History of Voting Rights

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Declaration of Independence

1776

Is when America declared their independence from Great Britain and we're no longer apart of the British Empire. The Declaration was ultimately a formal explanation of why Congress had voted on July 2 to declare independence from Great Britain, more than a year after the outbreak of the American Revolutionary War.

The Ratification Of the Constitution

1787

On September 17, 1787, a majority of the delegates to the Constitutional Convention approved the documents over which they had labored since May. The document was "laid before the United States in Congress assembled" on September 20. For 2 days, September 26 and 27, Congress debated whether to censure the delegates to the Constitutional Convention for exceeding their authority by creating a new form of government instead of simply revising the Articles of Confederation. They decided to drop the matter. Instead, on September 28, Congress directed the state legislatures to call ratification conventions in each state. Article VII stipulated that nine states had to ratify the Constitution for it to go into effect. It took 10 months for the first nine states to approve the Constitution. The first state to ratify was Delaware, on December 7, 1787, by a unanimous vote, 30 - 0. Faced with threatened treatment as a foreign government, it ratified the Constitution by the narrowest margin (two votes) on May 29, 1790.

15th Amendment

1869

The 15th Amendment prohibits each gov. in the U.S from denying a citizen the right to vote based on that citizen's race. The 15th Amendment was passed shortly after the Civil War and slavery had ended. Also women we're not including in the 15th Amendment.

Jim Crow Laws

1890

The Jim Crow laws were state and local laws in the United States enacted between 1876 and 1965. It became a "separate but equal" status for African Americans.Segregation mainly applied to the Southern United States. Examples of the Jim Crow laws are segregation of schools, public places and public transportation.http://t0.gstatic.com/images?q=tbn:ANd9GcRXmrywC8HXk9jnymkeZUSdIWzQSrxZRoLvP0Sr0vNDrQZN9qbm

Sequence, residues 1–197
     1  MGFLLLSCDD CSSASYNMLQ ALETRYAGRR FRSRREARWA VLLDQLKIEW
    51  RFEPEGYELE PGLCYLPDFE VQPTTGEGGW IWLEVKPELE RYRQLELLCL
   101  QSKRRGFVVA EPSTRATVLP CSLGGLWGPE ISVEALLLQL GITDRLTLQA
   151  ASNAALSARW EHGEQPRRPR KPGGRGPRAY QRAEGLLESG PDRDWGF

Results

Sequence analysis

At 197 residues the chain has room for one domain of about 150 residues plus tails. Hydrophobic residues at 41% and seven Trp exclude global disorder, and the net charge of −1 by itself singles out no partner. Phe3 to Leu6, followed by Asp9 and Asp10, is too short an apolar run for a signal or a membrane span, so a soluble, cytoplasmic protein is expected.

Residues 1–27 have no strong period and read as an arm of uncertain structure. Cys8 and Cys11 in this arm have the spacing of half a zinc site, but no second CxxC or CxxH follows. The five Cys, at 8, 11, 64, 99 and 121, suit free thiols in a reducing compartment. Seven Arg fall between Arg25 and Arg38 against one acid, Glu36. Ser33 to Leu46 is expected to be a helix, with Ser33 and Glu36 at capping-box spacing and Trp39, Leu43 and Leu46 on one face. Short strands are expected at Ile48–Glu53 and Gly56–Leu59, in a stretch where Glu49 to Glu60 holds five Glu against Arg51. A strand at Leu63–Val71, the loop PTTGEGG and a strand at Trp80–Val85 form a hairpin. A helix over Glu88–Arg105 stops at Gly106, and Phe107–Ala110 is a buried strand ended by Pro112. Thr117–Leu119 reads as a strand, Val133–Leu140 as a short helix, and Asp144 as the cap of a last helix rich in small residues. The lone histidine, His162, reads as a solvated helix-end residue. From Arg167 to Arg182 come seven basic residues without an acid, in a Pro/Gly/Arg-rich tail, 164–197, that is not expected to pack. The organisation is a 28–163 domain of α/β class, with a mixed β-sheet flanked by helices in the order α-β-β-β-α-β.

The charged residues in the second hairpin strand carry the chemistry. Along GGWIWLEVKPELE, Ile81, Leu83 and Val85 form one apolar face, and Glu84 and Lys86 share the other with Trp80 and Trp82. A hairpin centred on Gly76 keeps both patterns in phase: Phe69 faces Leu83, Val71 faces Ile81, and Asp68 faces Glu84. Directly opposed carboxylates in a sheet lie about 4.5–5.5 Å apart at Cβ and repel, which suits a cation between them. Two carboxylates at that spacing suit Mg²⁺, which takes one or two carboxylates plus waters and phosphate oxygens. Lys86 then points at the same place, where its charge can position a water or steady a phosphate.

Women Suffrage

1904

The right for women to vote and run for office. International organizations were formed to coordinate efforts. Later on in other states a lot of women were given the right to vote, but they also permitted women for running for office. http://t0.gstatic.com/images?q=tbn:ANd9GcQmD4JOfV_sYiwqkqKhqXko_39MzIVySEQxmrLj3UW-DizmtIj7OQ

19th Amendment

1920

The amendment guarantees all American women the right to vote. Several generations of woman suffrage supporters marched and practiced civil disobedience to achieve what many Americans considered a radical change of the Constitution. Finally in 1920 women we're guaranteed the right to vote.http://t1.gstatic.com/images?q=tbn:ANd9GcR8ZvWiYsSl3KsTymNyZsS3iyLhZtqLMBcPCQMSVAgWyvUEFO66

The Voting Rights Act

1965

The purpose was to guarantee that no person be denied the right to vote on account of race/color. Only 1/3 of the African Americans population was able to vote.
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Selma to Montgomery March

1965

The Selma to Montgomery march, also known as Bloody Sunday. People attempted to march to Montgomery where the capitol was located. The marchers averaged 10 miles (16 km) a day along U.S. Route 80, known in Alabama as the "Jefferson Davis Highway". Protected by 2,000 soldiers of the U.S. Army, 1,900 members of the Alabama National Guard under Federal command, and many FBI agents and Federal Marshals, they arrived in Montgomery on March 24, and at the Alabama State Capitol on March 25 and had big victory.